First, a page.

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Red algae

Red algae

Scientific classification
Domain: Eukaryota
(unranked) Archaeplastida
Phylum: Rhodophyta
Wettstein, 1922
Possible classes

The red algae (Rhodophyta, IPA: /ˌroʊdəˈfaɪtə, roʊˈdɒfɨtə/, from Greek: ῥόδον (rhodon) = rose + φυτόν (phyton) = plant, thus red plant) are a large group, about 5,000–6,000 species [1] of mostly multicellular, marine algae, including many notable seaweeds. Other references indicate 10,000 species. [2] Most of the coralline algae, which secrete calcium carbonate and play a major role in building coral reefs, belong here. Red algae such as dulse (Palmaria palmata) and nori are a traditional part of European and Asian cuisine and are used to make other products like agar, carrageenans and other food additives. [3]


Fossil record

The oldest fossil identified as a red alga is also the oldest fossil eukaryote that belongs to a specific modern taxon. Bangiomorpha pubescens, a multicellular fossil from arctic Canada, strongly resembles the modern red alga Bangia despite occurring in rocks dating to 1200 million years ago. [4]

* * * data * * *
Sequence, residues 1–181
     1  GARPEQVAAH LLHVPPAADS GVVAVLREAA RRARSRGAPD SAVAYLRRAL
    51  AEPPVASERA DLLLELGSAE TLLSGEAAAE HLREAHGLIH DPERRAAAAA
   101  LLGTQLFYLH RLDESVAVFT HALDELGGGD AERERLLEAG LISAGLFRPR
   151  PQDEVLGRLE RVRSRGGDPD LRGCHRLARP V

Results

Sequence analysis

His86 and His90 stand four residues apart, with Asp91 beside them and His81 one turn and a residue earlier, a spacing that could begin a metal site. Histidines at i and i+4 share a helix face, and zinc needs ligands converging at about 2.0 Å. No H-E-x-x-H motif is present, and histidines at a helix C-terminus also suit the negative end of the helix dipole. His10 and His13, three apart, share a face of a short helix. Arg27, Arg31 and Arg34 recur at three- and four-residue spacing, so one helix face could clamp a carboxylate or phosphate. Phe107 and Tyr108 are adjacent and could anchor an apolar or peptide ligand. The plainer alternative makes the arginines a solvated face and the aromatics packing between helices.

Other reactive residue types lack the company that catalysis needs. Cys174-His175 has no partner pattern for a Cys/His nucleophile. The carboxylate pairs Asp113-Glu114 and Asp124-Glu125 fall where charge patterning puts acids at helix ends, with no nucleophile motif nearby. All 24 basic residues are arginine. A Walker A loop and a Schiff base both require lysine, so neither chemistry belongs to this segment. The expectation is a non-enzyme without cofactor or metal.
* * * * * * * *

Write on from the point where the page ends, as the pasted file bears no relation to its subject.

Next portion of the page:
Red algae are important builders of limestone reefs. The earliest such coralline algae, the solenopores, are known from the Cambrian Period. Other algae of different origins filled a similar role in the late Paleozoic, and in more recent reefs.


The diverse eukaryotes that constitute the red algae have been the focus of numerous recent molecular surveys and remain a rich source of undescribed and little known species for the traditional taxonomist. Molecular studies place the red algae in the Archaeplastida (Plantae sensu lato); however, supraordinal classification has been largely confined to debate on subclass vs. class level status for the two recognized subgroups, one of which is widely acknowledged as paraphyletic. This narrow focus has generally masked the extent to which red algal classification needs modification.